Once I knew which article I would write each day, the next part was to invoke my muse, do research on topics I lacked knowledge and write like a wild horse. The advantage of the planning was huge. It didn’t give me room for anxious thoughts of what I should write about tomorrow. It was all figured out. The outcome was very satisfactory, considering the invested time, reward, and the essential lessons I learned. If you have ever read any of my very long boring posts, you would probably know I’m a time maniac. You learned from my $5,000 income breakdown in two months of travel article, I measure everything I think I can control somehow. This personal challenge wasn’t an exception.

The total amount of time worked: 27h 30m | 3h avg per article.

I’d like to highlight some lessons from this personal challenge experience that I will always carry with me for future considerations when I have to write technical content:

  • Being on the edge of knowledge: I had to reread books that I had not opened in centuries in order to articulate my ideas decently. It felt good to refresh the design principles and psychology theory.
  • Opportunity: I realized there is an opportunity to build a technical writing career. It is something demanding yet very stimulating. The time investment vs. reward trade-off provides long term gratification.
  • Juicy economic reward: we get paid off each successful article submitted, $150 each. I sent 10, do the math. I can’t complain about being that lucky.
  • Easy accountability: the only capital I needed to do this was a healthy brain and my disposition, no matter the place. There was one article that I wrote while I was traveling to meet my parents for Christmas Eve, a three hour trip that became a full article, $150.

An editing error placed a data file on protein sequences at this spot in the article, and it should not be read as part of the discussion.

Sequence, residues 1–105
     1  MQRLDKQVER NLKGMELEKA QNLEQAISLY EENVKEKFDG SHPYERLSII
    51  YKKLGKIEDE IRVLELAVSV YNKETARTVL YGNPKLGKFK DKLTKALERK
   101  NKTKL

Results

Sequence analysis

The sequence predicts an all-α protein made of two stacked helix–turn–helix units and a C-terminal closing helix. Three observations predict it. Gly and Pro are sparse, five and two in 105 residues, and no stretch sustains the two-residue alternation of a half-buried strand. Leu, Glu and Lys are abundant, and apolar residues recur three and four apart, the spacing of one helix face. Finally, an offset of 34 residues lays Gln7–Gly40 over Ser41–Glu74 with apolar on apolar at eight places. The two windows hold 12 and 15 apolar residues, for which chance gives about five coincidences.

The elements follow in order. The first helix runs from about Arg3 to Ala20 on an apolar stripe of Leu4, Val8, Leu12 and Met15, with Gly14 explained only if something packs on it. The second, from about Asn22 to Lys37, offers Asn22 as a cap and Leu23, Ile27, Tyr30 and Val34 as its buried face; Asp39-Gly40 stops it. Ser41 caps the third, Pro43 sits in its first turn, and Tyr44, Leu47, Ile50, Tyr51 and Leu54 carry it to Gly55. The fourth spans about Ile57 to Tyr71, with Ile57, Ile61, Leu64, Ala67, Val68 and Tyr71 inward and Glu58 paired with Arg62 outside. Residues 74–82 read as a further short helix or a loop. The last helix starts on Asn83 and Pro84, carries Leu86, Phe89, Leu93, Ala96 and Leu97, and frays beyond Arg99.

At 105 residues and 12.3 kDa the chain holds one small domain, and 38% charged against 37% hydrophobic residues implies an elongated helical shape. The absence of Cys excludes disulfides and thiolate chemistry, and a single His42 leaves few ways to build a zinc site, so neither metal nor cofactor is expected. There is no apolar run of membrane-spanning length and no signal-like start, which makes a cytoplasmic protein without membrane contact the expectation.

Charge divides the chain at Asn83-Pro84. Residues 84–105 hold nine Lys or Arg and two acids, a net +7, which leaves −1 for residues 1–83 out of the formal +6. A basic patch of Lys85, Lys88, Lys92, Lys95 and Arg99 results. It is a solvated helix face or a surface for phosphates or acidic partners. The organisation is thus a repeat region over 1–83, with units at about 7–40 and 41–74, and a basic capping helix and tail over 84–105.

Here comes the moment when I miserably self promote my articles by sharing this shameful list of my favorite ones:

  • Marvelapp Master Class: it’s a two-articles series that explain why you should focus on creating a workflow experience instead of just plain screens, while the second part showcases specific tips that will help you become the master of Marvelapp presentations. 
  • How to Approach Checkpoint Review Session: psychology foundations and copilot experience that explains the client’s mental process, using those insights to help you capture hidden codes in the feedback.
  • UI Design Feynman-like Explained: I finally found a way to simplify the definition of Topcoder challenges, Topcoder design competitions, and the workflow, using the infamous technique of Richard Feynman.

There is plenty of excellent material for all Topcoder tracks in Thrive as I write these lines today. I strongly encourage all members to take a look. I’m sure there’s something new to learn that will help you grow and win challenges.

Peace out, folks!